Swiss A-G opens criminal case against UBS over Malaysian money-laundering affair

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Switzerland’s Attorney General has opened a criminal case against UBS, the Swiss banking group, over suspected money-laundering of timber corruption proceeds from the Malaysian state of Sabah in Borneo. This has been confirmed today by the Office of the Attorney General in the Swiss capital, Bern, reports Bruno Manser Fund.

The case against UBS was opened on 29 August 2012, following a criminal complaint by the Bruno Manser Fund over the bank’s close ties with Musa Aman, Chief Minister of the Malaysian state of Sabah. Musa Aman and his nominees have been accused of laundering over US$90m of corruption proceeds from the tropical timber business in Sabah, Borneo, through a number of UBS bank accounts in Hong Kong. Musa Aman also has a personal bank account with UBS in Zurich. According to the Bruno Manser Fund, UBS has failed to properly apply due diligence, as is required by law when dealing with Politically Exposed Persons (PEP). Musa Aman is not only head of the Sabah state government but also the brother of the Malaysian Minister of Foreign Affairs, Anifah Aman.

The case is based on Switzerland’s tough anti-money-laundering legislation, which makes it a criminal offence for Swiss companies to be involved in laundering the proceeds of corruption and other crime in their worldwide activities.

The Swiss case is hitting the Malaysian government at a critical moment, just two weeks before the announced visit of the British royal couple, Prince William and Kate Middleton. The Duke and Duchess are planning to visit Sabah on 15 September 2012 in order to see the “largest remaining rainforest” at Danum Valley. Sabah’s head of government, Musa Aman, has personally benefited from the large-scale logging of the nearby tropical rainforests, one of the world’s most biodiverse habitats.

READ MORE:  Baram communities call for an end to certification of conflict timber

Source: http://www.bmf.ch/en/

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Gopal Raj Kumar
4 Sep 2012 6.15am

I once more raise with you the selective censorship you practice on your blog Aliran. You remove the names of (deleted) and (deleted) out of fear. Who pays you and what reasons do you have to consider the publication of their names potentially libellous yet not the publicaiton of the identify of the public official the subject of Swiss allegations? The World Wildlife Organization, Greenpeace and other groups including the Swiss government in their own reports identified workers with a nexus to these family owned businesses as being tied to small militias (armed groups) in the forestry business in Sabah and Sarawak. These groups are suspects who may have been behind the disapearance of the Swiss environmentalist. The allegations raised against them are more than on the basis of probability. But siilence and violence are powerful motivators which it appears you too could be subject of. Not so brave after all. Whats libellous about the truth? You have my IP address and can always re direct any criticism to it. It is not rocket science. Libel (meaning defamation) in the context of what you allege cannot… Read more »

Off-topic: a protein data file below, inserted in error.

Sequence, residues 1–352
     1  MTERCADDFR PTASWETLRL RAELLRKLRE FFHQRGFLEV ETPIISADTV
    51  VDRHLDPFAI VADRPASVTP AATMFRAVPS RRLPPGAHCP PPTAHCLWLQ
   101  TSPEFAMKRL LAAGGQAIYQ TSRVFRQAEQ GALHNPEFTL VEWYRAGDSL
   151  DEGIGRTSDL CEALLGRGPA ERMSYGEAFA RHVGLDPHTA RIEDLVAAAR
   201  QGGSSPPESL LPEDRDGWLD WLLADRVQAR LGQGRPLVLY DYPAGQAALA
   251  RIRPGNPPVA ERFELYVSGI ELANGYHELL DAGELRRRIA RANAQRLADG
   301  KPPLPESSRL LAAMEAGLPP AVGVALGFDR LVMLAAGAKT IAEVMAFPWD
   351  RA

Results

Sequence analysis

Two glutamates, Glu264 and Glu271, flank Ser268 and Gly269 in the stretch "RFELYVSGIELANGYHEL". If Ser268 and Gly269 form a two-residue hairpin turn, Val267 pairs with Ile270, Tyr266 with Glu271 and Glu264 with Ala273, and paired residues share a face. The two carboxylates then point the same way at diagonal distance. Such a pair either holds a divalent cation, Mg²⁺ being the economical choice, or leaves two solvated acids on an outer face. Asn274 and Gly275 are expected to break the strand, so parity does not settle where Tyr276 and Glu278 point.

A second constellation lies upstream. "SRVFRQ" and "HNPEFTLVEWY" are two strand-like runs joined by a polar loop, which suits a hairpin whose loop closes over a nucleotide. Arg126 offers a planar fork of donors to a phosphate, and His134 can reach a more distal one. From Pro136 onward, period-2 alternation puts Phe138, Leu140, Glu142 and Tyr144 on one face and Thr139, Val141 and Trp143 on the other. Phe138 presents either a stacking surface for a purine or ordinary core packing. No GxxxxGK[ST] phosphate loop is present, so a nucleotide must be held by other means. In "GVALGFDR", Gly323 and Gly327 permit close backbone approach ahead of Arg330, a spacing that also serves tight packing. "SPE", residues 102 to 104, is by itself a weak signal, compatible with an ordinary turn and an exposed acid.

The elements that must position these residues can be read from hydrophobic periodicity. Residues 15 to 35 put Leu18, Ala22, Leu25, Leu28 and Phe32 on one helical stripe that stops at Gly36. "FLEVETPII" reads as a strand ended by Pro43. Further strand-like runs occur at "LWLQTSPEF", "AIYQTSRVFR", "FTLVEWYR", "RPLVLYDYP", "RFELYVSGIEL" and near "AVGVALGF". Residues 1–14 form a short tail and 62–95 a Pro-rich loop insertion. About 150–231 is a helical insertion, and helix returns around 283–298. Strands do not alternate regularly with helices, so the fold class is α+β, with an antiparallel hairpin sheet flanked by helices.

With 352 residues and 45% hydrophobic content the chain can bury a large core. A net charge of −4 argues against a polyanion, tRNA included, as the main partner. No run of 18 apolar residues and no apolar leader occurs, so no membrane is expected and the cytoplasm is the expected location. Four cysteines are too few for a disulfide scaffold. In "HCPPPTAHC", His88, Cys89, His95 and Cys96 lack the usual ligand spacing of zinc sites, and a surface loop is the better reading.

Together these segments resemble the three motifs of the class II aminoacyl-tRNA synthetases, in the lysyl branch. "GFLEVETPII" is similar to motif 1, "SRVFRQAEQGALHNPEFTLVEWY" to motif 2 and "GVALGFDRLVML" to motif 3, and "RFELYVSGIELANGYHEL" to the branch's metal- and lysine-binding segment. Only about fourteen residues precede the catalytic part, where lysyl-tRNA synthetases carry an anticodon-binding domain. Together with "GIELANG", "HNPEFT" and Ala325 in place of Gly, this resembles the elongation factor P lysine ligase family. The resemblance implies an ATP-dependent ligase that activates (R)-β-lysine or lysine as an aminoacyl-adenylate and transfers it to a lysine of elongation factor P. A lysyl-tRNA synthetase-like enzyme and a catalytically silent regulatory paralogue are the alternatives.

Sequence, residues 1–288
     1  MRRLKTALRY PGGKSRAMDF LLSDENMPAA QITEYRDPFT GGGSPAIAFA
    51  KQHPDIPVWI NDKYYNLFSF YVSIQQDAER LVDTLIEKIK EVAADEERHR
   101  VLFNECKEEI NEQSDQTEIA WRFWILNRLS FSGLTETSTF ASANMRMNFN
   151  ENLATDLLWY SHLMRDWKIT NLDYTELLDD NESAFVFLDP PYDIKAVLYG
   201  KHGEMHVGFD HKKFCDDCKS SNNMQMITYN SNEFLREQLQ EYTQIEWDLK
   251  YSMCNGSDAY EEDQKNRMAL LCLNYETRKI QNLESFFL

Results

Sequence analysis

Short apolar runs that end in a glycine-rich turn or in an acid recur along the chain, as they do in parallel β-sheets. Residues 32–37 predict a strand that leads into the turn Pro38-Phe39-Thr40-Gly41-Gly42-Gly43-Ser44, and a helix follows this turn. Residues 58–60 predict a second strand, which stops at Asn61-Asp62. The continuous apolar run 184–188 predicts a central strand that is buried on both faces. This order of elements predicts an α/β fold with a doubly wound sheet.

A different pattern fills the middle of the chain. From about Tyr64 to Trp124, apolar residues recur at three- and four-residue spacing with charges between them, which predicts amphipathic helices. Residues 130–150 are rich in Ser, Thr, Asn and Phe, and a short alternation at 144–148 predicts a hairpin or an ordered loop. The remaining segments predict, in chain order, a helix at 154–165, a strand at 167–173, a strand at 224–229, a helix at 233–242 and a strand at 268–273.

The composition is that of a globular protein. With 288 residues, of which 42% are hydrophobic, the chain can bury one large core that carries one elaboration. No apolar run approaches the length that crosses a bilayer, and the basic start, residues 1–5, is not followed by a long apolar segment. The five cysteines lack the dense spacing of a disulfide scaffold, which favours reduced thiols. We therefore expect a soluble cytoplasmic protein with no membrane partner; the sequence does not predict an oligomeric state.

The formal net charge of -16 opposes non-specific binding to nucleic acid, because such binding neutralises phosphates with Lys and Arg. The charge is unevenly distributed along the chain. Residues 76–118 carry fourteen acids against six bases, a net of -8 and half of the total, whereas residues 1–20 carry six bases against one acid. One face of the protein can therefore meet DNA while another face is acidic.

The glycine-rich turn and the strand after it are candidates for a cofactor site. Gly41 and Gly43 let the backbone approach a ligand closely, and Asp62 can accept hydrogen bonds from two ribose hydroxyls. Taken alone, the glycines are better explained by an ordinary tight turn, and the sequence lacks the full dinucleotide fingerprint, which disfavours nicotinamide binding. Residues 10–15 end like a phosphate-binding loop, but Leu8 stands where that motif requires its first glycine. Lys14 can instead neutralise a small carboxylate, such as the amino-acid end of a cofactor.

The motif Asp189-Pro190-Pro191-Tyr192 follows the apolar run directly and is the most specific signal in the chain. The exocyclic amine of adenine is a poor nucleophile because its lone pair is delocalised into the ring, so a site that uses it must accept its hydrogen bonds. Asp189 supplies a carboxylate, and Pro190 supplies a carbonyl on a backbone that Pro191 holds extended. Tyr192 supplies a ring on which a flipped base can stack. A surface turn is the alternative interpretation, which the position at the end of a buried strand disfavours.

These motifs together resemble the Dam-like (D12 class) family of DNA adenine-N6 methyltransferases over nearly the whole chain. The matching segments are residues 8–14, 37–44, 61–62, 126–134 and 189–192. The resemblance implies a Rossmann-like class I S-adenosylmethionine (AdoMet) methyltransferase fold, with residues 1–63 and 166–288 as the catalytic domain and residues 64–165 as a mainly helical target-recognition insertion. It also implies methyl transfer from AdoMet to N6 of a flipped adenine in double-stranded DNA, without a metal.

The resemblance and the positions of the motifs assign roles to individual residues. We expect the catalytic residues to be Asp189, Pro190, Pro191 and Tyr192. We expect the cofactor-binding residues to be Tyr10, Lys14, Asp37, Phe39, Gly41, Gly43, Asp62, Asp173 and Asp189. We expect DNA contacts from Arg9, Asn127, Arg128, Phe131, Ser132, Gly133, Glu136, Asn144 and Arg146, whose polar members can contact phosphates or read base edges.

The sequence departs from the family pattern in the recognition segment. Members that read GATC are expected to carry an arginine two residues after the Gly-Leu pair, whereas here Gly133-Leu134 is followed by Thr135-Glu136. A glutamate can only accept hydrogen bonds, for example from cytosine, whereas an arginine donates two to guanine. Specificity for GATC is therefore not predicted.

Gopal Raj Kumar
2 Sep 2012 1.47pm

This is a case of wishful thinking and a far fetched claim at smearing a state official outside jurisdiction. The Swiss recently agreed and applied the doctrine of sovereign immunity in a matter involving a complaint by the Pakistani opposition and NGO’s in that country. They made a similar application to have Asif Zardari Pakistan’s prime minister charged under Swiss law for a similar offence of money laundering athe proceeds of corruption through Swiss financial institutions. The problem with Aliran and other anti Malaysian groups parading as justice, human rights and democracy promoting groups is that they are as the Australians would say “… ing in the wind”. It will blow back on them. Corruption is a two way street. Forestry corruption in Sarawak and in Sabah is (allegedly) monopolistically in the hands of (certain) clans and their offshoots. It has long been (believed) that (certain) companies in the business were (allegedly) complicit in the disapearance of the Swiss national who (vanished) in the forests of Borneo … The idea of implicating (someone) on corruption charges is far fetched to say the least unless one adopts… Read more »

Aliran
Aliran
2 Sep 2012 3.58pm

Above comment moderated to remove racial language and potentially libelous allegations.

najib manaukau
1 Sep 2012 5.42pm

If the AG in Switzerland is able to do that, what the hell is the AG in Malaysia doing ? To all my brothers and sisters in east Malaysia and also to ensure that your wealth and the country to remain as pristine as it should be make sure you come out in full force to vote the morons out of Putrajaya in the coming GE … It is decades since you became a part of Malaysia and just look around you, what progress have you learned or achieved from … the morons from Umno ? Soon very soon your country will be stripped bear and you will have nothing left for your children and your grand children !